Finally, a bit of self-interested promotion. My brother-in-law, historian James A. Edstrom just published a history of Illinois tracing its journey from territory to state. I admit I personally don’t delve into eighteenth and nineteenth century histories as much as perhaps I should, but his new book, Avenues of Transformation: Illinois’ Path from Territory to State traverses the state’s history during this era well, taking readers back to a time when Illinois served as heart of the frontier, a location that would eventually place it at the center of the national economy and politics: “its vigorous industrial base enabled Illinois to amplify the larger growth and development of the nation as a whole. It’s admission illuminated the essential nature of the relationship between a territory and the national government and highlighted nascent sectional conflicts,” reminding observers that “the moral stain of slavery was by no means fully restricted to the South.” Check it out if you chance.

Angela Stiefbold (copy & formatting editor): While I read widely across fiction genres, from sci-fi, to fantasy, to mystery, for me 2022 was the year of historical fiction. Top of my list was Kristin Hannah’s The Four Winds, which traces a mother and daughter’s relationship as they leave dust-bowl Texas for California, only to face the challenges of agricultural work there during the Great Depression. A close second was The Invisible Life of Addie LaRue by V.E. Schwab, which explores how we all can have an impact on the world, even a woman who is made immortal in 1714 at the cost of being immediately forgotten by (almost) everyone she meets. (Okay, technically this one is fantasy, but her life spans a lot of history!) And coming in third is Kate Quinn’s latest WWII novel, The Rose Code, about Bletchley Park codebreakers. Honorable mentions (both published in 2018, but I only got to them this year) are Where the Crawdads Sing by Delia Owens, in large part because of its amazing descriptions of the coastal wetlands of North Carolina (the 1960s murder mystery aspect also had some good twists); and The Unquiet Grave, Sharyn McCrumb’s most recent novel, based on the true story of a nineteenth-century Greenbrier County, WV, murder trial that included testimony of a ghost.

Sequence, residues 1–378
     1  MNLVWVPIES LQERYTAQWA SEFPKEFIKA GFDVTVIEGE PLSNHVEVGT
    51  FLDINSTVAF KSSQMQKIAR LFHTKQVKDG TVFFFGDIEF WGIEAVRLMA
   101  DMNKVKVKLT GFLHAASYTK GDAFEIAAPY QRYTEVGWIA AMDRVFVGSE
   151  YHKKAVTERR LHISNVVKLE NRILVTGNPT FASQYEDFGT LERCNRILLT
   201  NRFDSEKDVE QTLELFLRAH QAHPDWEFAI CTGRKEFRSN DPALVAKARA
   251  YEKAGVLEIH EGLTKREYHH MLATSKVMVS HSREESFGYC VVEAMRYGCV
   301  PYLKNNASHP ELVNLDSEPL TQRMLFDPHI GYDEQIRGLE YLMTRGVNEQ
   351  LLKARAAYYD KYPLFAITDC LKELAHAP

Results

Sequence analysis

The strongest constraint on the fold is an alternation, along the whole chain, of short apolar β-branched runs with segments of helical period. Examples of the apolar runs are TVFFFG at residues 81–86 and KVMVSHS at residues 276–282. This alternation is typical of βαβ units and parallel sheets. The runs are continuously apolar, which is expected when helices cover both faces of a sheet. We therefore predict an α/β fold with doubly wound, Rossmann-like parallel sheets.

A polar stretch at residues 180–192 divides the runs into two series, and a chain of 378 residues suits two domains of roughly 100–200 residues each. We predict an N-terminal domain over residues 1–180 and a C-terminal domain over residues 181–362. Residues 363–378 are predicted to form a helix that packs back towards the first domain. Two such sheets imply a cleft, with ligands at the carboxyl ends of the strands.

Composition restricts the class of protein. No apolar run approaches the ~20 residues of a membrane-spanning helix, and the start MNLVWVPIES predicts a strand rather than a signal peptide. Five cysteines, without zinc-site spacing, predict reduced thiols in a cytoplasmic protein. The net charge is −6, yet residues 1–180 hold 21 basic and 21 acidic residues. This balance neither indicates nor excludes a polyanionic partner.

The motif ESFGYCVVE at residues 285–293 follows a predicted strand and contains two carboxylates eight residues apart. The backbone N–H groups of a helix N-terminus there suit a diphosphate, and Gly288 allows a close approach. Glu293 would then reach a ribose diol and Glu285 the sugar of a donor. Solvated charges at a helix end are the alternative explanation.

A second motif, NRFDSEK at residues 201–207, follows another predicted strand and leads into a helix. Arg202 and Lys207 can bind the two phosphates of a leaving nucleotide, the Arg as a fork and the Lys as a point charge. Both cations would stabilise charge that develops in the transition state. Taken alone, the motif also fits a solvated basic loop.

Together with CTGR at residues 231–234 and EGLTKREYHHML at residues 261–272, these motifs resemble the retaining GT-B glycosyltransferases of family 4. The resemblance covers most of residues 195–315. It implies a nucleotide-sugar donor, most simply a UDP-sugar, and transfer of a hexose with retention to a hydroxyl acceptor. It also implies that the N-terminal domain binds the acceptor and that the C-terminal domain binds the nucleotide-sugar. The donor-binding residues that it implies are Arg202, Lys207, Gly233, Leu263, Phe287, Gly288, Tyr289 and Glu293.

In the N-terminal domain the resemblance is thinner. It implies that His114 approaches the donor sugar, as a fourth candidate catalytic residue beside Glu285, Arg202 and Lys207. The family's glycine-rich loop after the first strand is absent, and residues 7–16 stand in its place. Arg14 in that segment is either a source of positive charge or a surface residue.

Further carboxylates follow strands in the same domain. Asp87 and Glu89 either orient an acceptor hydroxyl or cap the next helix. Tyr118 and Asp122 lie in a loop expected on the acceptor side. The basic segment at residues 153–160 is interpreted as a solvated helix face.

Charlotte Rosen (co-editor, Disciplining the City/Disciplining the Nation series): I am trying to read more novels (to balance out aforementioned ungodly amounts of TV watching). I recently read Magda Szabó’s The Door, which was a wild ride. I’m not sure I fully understood all of the nuances (especially as someone who knows very little about the politics of communist Hungary), but it was gripping and made me think in a different way, which is always welcome. I am a big Éduoard Louis stan (seriously Who Killed My Father is one of the best books on class and premature death I’ve ever read) and am currently reading another one of his books, History of Violence. Because I hate silence and cannot be left alone with my thoughts, I have also become an avid audiobook listener, which I find I can only really do for thrillers, mysteries, and contemporary lit rather than capital-L ~Literature~. My favorites this year have been The Paris Apartment, Post-Traumatic, Two Nights in Lisbon, Bath Haus, and Manhunt

Matthew Guariglia (co-editor, Disciplining the City/Disciplining the Nation series): In terms of academic books, the books I’ve been transfixed by this year have been Torin Monahan’s Crisis Vision: Race and the Cultural Production of Surveillance and Dan Bouk’s masterful Democracy’s Data. In terms of their impact on my own scholarship, as I finished up my book Anna Lvovsky’s Vice Patrol (2021) and Anne Gray Fischer’s The Streets Belong To Us were always rattling around in my backpack. I also did an event earlier this year to celebrate the release of Brian Hochman’s great history of wiretapping in the U.S., The Listeners. 2022 was also the year I rediscovered my enjoyment of reading fiction, so mostly spent the year reading through the entire bibliographies of China Miéville and Jeff VanderMeer.

Featured image (at top): Sadie Wendell Mitchell, “Dig” (1909), chromolithograph, Prints and Photographs Division, Library of Congress.